I think what Holden did was wrong. I think his friends are wrong to defend, or dismiss, the indefensible, and then go on to criticise the very people who uncovered the fraud, as if that were a worse sin. But the main reason I’m posting this is because an awful lot of people think that this type of fraud is not only acceptable, but commendable. It’s the way you do business – sure, some people might disagree, but if you want to get ahead, then you do what you have to.

It’s true that far worse things go on in the world, but this sort of fraud goes on every day by people who convince themselves that it’s OK, especially if no-one finds out. It truly is a slippery slope, and it’s not OK. It shows a profound lack of judgement and morals. If people want to continue trusting GiveWell, that’s fine, but they deserve to know what Holden did, and that’s why I’m writing this post – to link to the Metatalk thread, so that when you search for ‘GiveWell’, that’s the very first thing you see.

Metafilter members are currently assembling a page on the Mefi wiki (which I set up, but otherwise have little to do with) detailing all the events of this fraud. If you’re interested in hearing more about GiveWell, here’s an insightful critique from someone within the charity world pointing out the inexperience of the founders, and the fact that they are not actually doing anything that hasn’t been done before.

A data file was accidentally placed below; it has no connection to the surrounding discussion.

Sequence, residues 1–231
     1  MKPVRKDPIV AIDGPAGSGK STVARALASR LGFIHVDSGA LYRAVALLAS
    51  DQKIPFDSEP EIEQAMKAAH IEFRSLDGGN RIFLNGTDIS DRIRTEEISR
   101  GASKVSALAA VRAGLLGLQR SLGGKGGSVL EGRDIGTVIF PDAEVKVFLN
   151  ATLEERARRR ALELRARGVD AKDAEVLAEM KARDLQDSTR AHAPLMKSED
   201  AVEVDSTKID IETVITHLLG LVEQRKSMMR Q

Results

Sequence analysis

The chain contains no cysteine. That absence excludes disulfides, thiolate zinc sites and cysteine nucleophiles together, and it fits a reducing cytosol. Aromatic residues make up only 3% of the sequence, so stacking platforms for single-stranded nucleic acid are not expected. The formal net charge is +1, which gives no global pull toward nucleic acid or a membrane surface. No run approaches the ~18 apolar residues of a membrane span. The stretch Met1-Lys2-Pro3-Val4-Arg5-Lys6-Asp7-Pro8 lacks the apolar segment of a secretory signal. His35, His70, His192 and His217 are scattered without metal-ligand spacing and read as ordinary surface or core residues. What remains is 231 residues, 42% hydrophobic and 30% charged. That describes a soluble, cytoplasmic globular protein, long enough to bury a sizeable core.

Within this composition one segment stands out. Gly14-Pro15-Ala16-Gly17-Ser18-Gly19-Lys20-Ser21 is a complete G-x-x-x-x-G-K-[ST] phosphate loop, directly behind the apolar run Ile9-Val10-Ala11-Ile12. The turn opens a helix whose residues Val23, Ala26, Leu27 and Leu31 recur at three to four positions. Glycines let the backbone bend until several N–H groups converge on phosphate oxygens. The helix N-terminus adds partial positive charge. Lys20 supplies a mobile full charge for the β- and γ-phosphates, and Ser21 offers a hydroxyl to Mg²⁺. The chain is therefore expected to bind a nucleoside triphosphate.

A Suit’s Story

I’d heard about Todd McEwen’s famous essay about Cary’s Grant’s suit in North by Northwest (‘North By Northwest isn’t a film about what happens to Cary Grant, it’s about what happens to his suit’) but I’d never gotten around to reading it. It turns out it’s online, and it’s a brilliant, hilarious read, getting more and more frantic as the film goes on:

Now the suit is in the woods for the reconciliation scene with Eva Marie. This suit doesn’t look too bad in the woods, and you reflect that Mount Rushmore seems a very formal national park, there were a lot of people dressed up in the cafeteria, paying their respects. Cary gets punched out for trying to interfere between the Professor and Eva Marie, AND WHEN HE WAKES UP THE SUIT HAS BEEN CONFISCATED! The Professor has locked him in a hospital room with only a TOWEL to wear! He’s not going anywhere! (Although you feel a lot of relief that he’s had his second shower of the picture.) But then comes the real act of betrayal: the Professor brings CARY GRANT a set of hideous clothes from some awful ‘menswear shop’ in Rapid City (you can just imagine the smell of it, Ban-Lon shirts and cheap belts). He gives him an off-white white shirt, a pair of black slacks, white socks and icky black slip-on shoes.